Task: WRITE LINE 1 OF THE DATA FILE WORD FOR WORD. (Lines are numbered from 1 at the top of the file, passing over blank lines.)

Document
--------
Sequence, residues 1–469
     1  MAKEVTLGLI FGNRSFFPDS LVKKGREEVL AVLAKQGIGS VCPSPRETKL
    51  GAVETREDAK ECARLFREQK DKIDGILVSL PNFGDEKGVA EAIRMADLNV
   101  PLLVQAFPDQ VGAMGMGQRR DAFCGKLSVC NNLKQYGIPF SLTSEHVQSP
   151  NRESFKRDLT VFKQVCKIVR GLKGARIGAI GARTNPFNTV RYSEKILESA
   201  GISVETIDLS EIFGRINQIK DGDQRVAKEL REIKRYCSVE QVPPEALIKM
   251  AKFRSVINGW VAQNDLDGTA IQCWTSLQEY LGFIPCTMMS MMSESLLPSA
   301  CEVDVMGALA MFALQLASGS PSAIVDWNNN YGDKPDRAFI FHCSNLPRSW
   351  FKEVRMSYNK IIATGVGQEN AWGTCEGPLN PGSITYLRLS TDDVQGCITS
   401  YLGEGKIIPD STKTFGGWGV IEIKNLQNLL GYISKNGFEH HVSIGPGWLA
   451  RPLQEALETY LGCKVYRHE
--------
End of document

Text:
Sequence, residues 1–469